Jim Zarroli

Jim Zarroli is an NPR correspondent based in New York. He covers economics and business news.

Over the years, he has reported on recessions and booms, crashes and rallies, and a long string of tax dodgers, insider traders, and Ponzi schemers. Most recently, he has focused on trade and the job market. He also worked as part of a team covering President Trump's business interests.

Before moving into his current role, Zarroli served as a New York-based general assignment reporter for NPR News. While in this position, he reported from the United Nations and was also involved in NPR's coverage of Hurricane Katrina, the London transit bombings, and the Fukushima earthquake.

Before joining NPR in 1996, Zarroli worked for the Pittsburgh Press and wrote for various print publications.

He lives in Manhattan, loves to read, and is a devoted (but not at all fast) runner.

Zarroli grew up in Wilmington, Delaware, in a family of six kids and graduated from Pennsylvania State University.

Copyright 2020 NPR. To see more, visit https://www.npr.org.

STEVE INSKEEP, HOST:

We have another damage report this morning. The government reported how many Americans filed for unemployment for the first time last week, a number that has been in the millions week after week. NPR's Jim Zarroli is covering this. Hi there, Jim.

Updated at 8:43 a.m. ET

Another 3.2 million people filed for unemployment for the first time last week, bringing the total number of jobs lost during the coronavirus crisis in the last seven weeks to at least 33.5 million.

Last week's number was down from the nearly 3.9 million initial claims filed the week ending April 25, and filings have fallen for five weeks in a row.

The claims numbers come one day before the release of the April jobs report, which is expected to show a staggering jump in unemployment to around 16%.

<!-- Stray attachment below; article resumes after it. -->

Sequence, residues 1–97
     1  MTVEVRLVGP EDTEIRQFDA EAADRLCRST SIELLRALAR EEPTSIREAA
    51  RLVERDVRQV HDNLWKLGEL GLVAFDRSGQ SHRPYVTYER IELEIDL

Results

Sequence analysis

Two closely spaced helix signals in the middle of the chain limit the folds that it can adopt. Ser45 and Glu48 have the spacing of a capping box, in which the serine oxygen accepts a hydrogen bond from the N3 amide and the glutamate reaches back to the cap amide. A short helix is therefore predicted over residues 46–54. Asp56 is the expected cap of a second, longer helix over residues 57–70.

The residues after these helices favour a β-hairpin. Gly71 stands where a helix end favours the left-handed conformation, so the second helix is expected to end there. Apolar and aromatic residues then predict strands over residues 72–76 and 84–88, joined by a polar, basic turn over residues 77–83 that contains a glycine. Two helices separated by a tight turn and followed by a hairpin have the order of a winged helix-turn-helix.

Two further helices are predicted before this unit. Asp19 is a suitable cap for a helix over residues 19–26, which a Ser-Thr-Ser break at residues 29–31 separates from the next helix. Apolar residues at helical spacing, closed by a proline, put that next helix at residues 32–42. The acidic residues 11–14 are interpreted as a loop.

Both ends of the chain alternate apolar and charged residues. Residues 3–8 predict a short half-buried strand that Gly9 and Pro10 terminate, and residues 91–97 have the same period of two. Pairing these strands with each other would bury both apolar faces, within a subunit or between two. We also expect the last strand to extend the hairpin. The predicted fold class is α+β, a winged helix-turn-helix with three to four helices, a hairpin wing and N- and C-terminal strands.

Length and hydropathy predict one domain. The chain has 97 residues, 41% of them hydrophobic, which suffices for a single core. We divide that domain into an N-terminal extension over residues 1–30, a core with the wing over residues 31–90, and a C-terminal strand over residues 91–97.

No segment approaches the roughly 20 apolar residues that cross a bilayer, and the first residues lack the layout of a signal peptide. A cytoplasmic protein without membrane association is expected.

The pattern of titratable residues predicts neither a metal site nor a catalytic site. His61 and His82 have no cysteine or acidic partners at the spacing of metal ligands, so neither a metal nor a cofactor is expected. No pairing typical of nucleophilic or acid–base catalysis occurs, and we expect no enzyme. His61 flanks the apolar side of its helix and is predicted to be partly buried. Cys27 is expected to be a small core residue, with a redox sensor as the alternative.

A few weeks ago, Tracy Delphia and her co-workers indulged themselves with talk about what it would be like to be furloughed.

They wondered: Wouldn't it be nice to enjoy a little downtime and go on unemployment? Or would it be preferable to keep your job?

Now that she has lost her job as a research analyst, Delphia is pretty sure she knows the answer: It's better to be working.

"The sense of worry about, 'Will I get to go back?' sort of overrides any enjoyment someone might have from sleeping in, in the morning, or whatever," she says.

Trish Pugh started an Ohio trucking company with her husband in 2015. Even for a small business, it's small — they had two drivers, counting her husband, until they let one go because of the coronavirus crisis.

And so her company applied for a loan under the first, $349 billion round of the Paycheck Protection Program, which the federal government had set up to rescue small businesses.

It didn't go well.

Normally, spring is the time when Gillson Trucking's fleet of 150 trucks are at their busiest, transporting strawberries and lettuce from the farms of California's Central Valley to restaurants in the Northeast and Midwest.

But with most of the country's restaurants shut down indefinitely, the trucks are mostly sitting idle right now.

"The produce is available, but because of these restaurant chains has been closed down there are no buyers," says the Stockton, Calif., company's co-owner, Harsimran Singh.

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